When I first saw the trailers for "Gangster Squad," I was immediately overtaken by the star-studded cast, gorgeous art-deco set designs, and violent clips of shoot-em'-up gun battles. With all those fantastic elements in place, it looked and felt like the kind of hyper-stylized noir film that promised to not only be briskly entertaining, but highly involving as well. Unfortunately, that didn't quite end up being the case here. While the flick does offer up some glossy visuals and a tense atmospheric tone, it never once bothers exploring the historical complexities of its real-life story, instead opting for an odd comic book-style approach that's effectively engaging but somewhat unsatisfying. Still, this distracting use of style over substance is at least successful in producing a rollicking crime thriller that's often a lot of fun to watch, packed to the brim with plenty of gifted actors who gleefully chomp through the scenery. The setting of this film is Los Angeles in 1949, where the notorious gangster Mickey Cohen (Sean Penn) is planning to launch a big Chicago-style mob takeover of the city. The police chief (Nick Nolte) is determined to stop him, but feels surrounded by corruption, so he hires straight-aarow detective John O'Mara (Josh Brolin) to put together a top-secret squad of LAPD officers that will operate off the books to stop Cohen, whatever it takes. John's pregnant wife (Mireille Enos) isn't thrilled at all by this, but she helps him select his team: techie Conway (Giovanni Ribisi), gunslinger Max (Robert Patrick), hotshot Coleman (Anthony Mackie), and quick-learning rookie Navidad (Michael Peña). And of course, there's the pretty-boy detective Jerry (Ryan Gosling), who courts danger by launching a fling with Cohen's seductive yet mysterious moll Grace (Emma Stone). Understandably, their task doesn't go so smoothly. Billed as the untold story of what really happened, this flick actually ignores quite a few key facts while indulging in implausible plotting and overly colorful characterizations. In other words, it's next to impossible to consistently believe what we're watching, which eliminates all of the relevance and resonance that could have filled this complex tale of police corruption, out-of-control capitalism, and the use of illegal methods to do the right thing. Instead, this movie is all shiny surfaces with flashy production design, too-immaculate costumes and haircuts, and a story that reduces an elaborate situation into a simplistic action flick narrative. But like I said earlier, there's a lot of fun to be had along the way, from the rip-roaring action scenes (such as a stylish, fast-paced car chase in the middle of the night) to the fiery chemistry Stone and Gosling share so effortlessly. And Penn hams it up marvelously as the outrageously over-the-top Cohen, screaming absurd lines of dialogue with a wacky Bostonian accent. As for Brolin, he's probably the only actor in the flick who doesn't overplay his role and genuinely takes it seriously. It does make the rest of the performances feel slightly unbalanced as a result, but he still nails the character, making him an exceptionally bold protagonist worth rooting for from start to finish. And despite their kinetic on-screen romance, Gosling and Stone don't quite work as well on their own in the film (although they both easily look and sound the part). The other actors in the high-profile cast (especially Nolte and Ribisi) all do a fine if not perfectly respectable job with their supporting roles, but it's not the acting that's the real issue here. It's the script, which suffers from lackluster writing, absurd plot twists, and a bevy of underdeveloped characters. That is to say the movie basically borrows material from older gangland classics without ever bringing anything truly new to the table, aside from a ton of excessively gory shootout scenes that may leave most viewers wincing more than a few times. Still, despite all its severe drawbacks, I can't deny that I had a fun time with "Gangster Squad." Sure, the story is overly simplistic, the violence is obsessively bloody to the max, and the performances are particularly uneven, but you know what? It kept my interest the whole way through, and as an action fan, that's good enough for me. Anyway, if you're the kind of filmgoer who enjoys nostalgic art-deco visuals, over-the-top gunfire, and a whole lot of cartoonish dialogue, then this flick's pretty much got you covered. It may not be Oscar-worthy, but it's worth a solid rent for those looking for gleefully mindless, highly stylized gangster action.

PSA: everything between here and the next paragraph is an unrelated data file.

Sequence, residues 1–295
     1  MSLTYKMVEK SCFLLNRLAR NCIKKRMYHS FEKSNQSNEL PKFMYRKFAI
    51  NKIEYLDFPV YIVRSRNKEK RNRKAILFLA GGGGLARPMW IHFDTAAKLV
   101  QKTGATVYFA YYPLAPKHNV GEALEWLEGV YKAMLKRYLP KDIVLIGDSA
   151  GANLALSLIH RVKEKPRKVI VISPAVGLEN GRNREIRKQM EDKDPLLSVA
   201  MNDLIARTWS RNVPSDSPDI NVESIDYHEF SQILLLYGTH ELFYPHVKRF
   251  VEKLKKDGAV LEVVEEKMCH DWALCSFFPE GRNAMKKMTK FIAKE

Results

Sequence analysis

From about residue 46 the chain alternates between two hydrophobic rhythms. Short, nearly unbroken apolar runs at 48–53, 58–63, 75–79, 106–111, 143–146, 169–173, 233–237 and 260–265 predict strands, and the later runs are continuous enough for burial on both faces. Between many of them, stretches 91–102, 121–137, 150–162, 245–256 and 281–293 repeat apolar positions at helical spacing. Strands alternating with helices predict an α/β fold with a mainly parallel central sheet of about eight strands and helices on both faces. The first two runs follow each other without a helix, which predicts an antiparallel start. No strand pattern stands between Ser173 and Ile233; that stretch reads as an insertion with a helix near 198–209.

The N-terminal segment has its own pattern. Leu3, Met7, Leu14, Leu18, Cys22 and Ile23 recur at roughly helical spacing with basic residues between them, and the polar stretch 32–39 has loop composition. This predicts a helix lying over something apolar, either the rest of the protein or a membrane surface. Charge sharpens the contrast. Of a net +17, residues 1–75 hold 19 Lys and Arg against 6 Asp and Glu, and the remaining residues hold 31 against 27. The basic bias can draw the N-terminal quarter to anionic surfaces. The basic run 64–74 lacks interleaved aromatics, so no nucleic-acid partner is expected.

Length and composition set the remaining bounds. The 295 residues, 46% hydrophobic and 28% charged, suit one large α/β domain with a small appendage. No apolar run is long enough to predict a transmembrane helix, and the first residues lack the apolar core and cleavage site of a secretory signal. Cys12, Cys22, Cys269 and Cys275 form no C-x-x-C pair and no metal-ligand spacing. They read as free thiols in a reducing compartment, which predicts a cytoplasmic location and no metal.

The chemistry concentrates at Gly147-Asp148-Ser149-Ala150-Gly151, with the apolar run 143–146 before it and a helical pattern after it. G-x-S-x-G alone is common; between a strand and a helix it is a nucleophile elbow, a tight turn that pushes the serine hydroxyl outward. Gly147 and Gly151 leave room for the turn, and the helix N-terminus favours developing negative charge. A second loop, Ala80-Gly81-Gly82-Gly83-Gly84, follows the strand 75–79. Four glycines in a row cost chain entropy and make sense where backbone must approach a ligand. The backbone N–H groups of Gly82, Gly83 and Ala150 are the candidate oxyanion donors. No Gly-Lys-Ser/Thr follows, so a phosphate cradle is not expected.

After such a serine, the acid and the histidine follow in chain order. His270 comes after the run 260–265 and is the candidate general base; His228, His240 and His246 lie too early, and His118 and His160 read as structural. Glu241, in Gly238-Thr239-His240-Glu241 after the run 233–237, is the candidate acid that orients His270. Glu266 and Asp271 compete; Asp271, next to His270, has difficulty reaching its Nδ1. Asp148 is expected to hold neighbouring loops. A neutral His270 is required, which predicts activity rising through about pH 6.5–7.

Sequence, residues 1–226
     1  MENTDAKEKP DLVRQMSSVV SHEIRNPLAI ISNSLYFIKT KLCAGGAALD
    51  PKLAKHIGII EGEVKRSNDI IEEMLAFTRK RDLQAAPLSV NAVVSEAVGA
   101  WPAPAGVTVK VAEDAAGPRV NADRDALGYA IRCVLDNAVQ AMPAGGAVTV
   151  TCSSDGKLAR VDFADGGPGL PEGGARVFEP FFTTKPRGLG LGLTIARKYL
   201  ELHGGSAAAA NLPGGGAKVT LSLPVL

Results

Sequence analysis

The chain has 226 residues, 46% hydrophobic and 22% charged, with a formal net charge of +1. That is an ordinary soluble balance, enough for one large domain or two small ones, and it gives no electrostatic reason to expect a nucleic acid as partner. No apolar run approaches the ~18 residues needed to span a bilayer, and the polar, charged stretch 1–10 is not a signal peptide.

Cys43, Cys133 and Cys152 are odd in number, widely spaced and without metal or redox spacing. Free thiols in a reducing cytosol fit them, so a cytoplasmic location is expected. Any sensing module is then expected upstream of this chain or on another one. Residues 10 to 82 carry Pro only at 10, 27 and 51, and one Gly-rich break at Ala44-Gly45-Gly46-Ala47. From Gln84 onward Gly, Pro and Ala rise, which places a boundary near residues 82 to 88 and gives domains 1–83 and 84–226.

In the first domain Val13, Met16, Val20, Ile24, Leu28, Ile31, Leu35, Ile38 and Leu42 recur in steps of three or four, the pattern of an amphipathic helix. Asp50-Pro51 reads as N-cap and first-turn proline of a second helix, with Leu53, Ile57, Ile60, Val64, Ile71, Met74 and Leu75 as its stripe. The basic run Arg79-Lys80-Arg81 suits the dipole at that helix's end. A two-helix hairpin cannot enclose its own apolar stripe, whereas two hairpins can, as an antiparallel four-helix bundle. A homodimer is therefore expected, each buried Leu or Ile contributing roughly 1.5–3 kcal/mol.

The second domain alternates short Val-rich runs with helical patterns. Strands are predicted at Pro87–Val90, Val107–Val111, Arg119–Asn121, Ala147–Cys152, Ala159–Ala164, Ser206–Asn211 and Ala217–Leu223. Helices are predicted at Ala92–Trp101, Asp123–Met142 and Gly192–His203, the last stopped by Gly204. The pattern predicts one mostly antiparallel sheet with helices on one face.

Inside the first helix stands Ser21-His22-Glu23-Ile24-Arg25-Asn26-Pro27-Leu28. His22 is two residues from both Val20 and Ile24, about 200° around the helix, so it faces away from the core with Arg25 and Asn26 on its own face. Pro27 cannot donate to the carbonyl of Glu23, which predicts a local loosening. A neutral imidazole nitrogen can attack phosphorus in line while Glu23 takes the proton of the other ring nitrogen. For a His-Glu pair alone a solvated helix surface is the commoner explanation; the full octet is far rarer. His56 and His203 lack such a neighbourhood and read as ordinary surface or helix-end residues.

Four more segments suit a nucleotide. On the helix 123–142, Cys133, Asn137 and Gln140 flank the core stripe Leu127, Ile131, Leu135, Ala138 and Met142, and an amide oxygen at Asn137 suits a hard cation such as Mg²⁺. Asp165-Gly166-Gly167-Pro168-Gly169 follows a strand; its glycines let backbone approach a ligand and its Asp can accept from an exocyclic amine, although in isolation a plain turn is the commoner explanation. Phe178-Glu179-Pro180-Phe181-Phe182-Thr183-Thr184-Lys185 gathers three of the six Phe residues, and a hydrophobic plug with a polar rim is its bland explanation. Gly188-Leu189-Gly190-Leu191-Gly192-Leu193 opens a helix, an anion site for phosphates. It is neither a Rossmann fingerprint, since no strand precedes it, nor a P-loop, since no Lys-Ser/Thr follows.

Watch first

Great movie, screw stupid ppl who hate :D

Surprising

I have seen the actors in this movie make daring, risky, deep, and remarkable films. I was pretty dumbfounded when I saw the film, because it is purely second rate in the script, story, and dialogue. within 20 minutes of the opening scenes I figured out that this was an ATM stop for Penn and company, a chance to hang out with some friends and take home some big dollars. Which is fine- for them. But this film is hacked together with stylized shots and tropes and cliches and really nothing else. If all you want is style, and flat, predictable dialogue doesn't offend you, then you will like this movie.

If you want more than just flashy scene to flashy scene, I'd skip it, and I wish I had.